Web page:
Stout said American oak is in high demand but pointed out that barrels represent just 6% to 7% of the entire market for American white oak. “I don’t know if I would say the spirits industry is stealing oak from the wine industry,” he said.

Tree harvesting is also subject to the weather, and Stout said the rainy summer endured by the Midwest interfered with logging. “This has been one of those years when climate has been a real factor in getting wood,” he said. Cooperages 1912 did make a slight price increase that
Stout said was in line with the Consumer Price Index.

Chris Hansen, general manager of Seguin Moreau Napa Cooperage, said his prices for French and American oak rose slightly (by 2% and 1.5%, respectively) and he also said it’s a bit harder to find American oak. He said he was in Missouri a few weeks ago and suppliers there said they just didn’t have logs to cut.

Seguin Moreau has sold out of its Icone specialty barrels for this vintage, and Hansen said he’s waiting for more orders to come in as winemakers get a better sense of what their red varietal grape yields will be. “This year compared to last year we have a lot more orders in at this time,” he said.

Demand and prices strong for French, European
Burton, owner of Barrel Builders, sells Tonnellerie Marchive barrels and vats. He said the cost of French wood went up slightly, but the price to U.S. wineries for French barrels is still most dependent on the dollar to euro exchange rate—and the dollar has weakened through the summer.

In addition to French oak, Burton also sells Hungarian and American barrels. He said the price of Hungarian has stayed stable, but American oak is up between $5 and $10 per barrel.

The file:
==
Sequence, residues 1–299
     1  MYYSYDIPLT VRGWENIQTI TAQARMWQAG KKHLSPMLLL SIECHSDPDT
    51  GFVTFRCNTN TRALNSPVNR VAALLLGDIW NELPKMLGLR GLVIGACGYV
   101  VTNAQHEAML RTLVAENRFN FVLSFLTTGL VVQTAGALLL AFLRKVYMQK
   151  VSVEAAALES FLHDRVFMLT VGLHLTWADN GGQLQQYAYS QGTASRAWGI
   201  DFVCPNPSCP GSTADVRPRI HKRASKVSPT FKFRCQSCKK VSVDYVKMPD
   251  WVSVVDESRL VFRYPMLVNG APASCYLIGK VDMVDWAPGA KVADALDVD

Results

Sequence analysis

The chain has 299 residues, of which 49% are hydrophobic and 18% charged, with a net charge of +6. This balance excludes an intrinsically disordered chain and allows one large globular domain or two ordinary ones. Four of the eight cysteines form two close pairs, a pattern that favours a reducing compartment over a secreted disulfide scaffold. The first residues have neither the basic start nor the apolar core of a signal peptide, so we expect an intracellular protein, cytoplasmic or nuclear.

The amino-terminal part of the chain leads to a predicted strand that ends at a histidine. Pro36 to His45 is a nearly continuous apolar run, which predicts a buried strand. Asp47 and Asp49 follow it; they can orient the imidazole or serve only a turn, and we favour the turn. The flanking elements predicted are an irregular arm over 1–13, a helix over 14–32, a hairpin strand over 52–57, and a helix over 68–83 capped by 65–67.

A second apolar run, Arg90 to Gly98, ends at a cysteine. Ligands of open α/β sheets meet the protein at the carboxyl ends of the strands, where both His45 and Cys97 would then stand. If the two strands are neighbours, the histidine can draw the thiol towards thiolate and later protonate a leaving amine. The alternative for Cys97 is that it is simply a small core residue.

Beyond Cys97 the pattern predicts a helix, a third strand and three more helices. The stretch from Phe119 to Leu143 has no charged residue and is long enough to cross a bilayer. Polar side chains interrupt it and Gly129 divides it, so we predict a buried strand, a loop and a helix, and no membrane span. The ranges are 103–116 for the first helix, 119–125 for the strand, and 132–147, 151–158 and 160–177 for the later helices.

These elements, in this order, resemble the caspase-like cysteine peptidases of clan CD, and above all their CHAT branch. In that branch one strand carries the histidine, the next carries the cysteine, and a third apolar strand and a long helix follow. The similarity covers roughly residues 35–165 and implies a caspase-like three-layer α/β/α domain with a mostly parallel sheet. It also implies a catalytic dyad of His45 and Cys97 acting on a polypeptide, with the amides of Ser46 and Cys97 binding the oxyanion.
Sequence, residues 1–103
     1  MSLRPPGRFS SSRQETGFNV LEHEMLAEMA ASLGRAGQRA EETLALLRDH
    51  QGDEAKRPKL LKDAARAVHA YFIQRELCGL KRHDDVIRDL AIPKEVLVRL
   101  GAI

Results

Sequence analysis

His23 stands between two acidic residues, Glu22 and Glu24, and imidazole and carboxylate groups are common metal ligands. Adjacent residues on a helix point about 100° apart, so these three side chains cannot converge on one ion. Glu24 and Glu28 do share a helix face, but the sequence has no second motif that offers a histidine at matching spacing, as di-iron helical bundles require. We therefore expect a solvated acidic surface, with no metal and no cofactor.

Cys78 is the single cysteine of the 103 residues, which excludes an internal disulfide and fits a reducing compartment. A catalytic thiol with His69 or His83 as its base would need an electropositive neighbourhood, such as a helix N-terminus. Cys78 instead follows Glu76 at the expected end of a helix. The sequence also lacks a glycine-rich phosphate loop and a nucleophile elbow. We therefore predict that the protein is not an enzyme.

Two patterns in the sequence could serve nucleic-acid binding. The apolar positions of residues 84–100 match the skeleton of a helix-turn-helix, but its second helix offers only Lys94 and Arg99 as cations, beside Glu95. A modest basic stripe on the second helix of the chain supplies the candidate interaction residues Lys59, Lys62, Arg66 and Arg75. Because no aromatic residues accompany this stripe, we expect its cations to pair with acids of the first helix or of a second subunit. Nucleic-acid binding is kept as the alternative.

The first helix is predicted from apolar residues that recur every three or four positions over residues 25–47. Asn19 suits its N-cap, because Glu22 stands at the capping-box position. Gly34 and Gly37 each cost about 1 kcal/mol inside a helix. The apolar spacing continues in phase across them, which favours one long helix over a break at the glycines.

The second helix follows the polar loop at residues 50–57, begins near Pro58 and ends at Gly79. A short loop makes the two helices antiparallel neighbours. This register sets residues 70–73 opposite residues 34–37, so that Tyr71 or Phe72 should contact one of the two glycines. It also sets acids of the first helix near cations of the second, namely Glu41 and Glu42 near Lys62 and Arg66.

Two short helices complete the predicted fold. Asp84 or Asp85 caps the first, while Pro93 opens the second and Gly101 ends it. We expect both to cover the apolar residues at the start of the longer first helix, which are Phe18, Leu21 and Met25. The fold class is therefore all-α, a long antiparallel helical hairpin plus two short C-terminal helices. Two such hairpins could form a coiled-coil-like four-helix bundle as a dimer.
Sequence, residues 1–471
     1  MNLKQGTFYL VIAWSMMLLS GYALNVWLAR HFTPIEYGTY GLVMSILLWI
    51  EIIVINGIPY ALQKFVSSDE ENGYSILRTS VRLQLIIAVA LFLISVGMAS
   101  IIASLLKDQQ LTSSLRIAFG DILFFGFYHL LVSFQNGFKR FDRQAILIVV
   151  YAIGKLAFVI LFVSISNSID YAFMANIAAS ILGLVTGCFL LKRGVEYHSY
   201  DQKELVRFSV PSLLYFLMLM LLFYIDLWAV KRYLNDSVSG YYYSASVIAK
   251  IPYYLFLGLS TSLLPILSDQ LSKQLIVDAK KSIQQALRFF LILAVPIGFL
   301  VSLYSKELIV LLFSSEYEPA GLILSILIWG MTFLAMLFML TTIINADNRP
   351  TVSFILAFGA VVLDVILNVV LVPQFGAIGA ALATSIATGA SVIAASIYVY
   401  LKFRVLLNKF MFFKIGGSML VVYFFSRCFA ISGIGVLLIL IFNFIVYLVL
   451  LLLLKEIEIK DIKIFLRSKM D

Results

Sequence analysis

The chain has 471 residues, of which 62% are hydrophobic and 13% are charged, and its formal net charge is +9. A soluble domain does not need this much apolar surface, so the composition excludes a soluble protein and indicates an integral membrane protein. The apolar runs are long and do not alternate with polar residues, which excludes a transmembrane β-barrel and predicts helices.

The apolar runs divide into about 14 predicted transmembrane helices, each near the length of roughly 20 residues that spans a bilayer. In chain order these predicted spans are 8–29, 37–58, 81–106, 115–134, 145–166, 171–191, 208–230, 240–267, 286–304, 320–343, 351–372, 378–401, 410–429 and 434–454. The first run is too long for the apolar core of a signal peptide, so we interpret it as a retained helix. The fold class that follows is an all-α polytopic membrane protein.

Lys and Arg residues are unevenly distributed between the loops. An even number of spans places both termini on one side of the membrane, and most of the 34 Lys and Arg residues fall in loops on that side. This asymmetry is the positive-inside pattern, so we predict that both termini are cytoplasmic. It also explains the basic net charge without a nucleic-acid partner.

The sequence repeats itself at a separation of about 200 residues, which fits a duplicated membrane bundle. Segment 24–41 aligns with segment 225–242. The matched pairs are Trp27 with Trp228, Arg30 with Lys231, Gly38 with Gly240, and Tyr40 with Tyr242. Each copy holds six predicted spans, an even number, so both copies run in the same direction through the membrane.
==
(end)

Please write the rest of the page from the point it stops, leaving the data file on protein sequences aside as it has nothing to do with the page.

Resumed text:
Mel Knox, San Francisco, Calif.-based representative for Taransaud, Francois Frères, Francois Frères Hungary and Kadar Cooperage said his prices went up about 2.85% for French oak and 1% for Hungarian oak due to supply costs and the exchange rate.

Like the other barrel suppliers, though, Knox had an optimistic view. “We’re having a very good year right now. The wine economy is very strong and very competitive,” he said. “Compared to where we were four years ago, we’re in paradise now.”

Paul Frommelt, who sells barrels made by Francois Frères’ subsidiary cooperages Trust Hungarian, Treuil and AP John, said his prices went up in the range of 3% to 4%, with American oak climbing up closer to 5%. “Whiskey takes a lot of American oak, which takes our prices up,” he said.

He mentioned that Trust just released its new 100% French oak Ingénieux barrel available in Rouge and Blanc versions. Because it’s coopere d in Hungary, the barrel offers a bit of a discount for French oak, he said.

So far, Frommelt also said 2013 has been a good year for orders. “This is above last year already, which is good, we’re pleased with the sales of all the brands.”

French barrel production figures
In July the Tonnelleries de France, a trade group representing coopers in various regions of France, released a statement based on remarks by the organization’s president Jean-Luc Sylvain on 2012 barrel production at the group’s annual meeting.

Member coopers produced 525,100 barrels in 2012, recording just less than 330 million euros (or $441 million) in sales. The association reported 66% of total production was exported to its major markets of the United States, Italy, Australia and Spain. Total exports represent a 5.4% increase in volume and a 9.5% increase in value.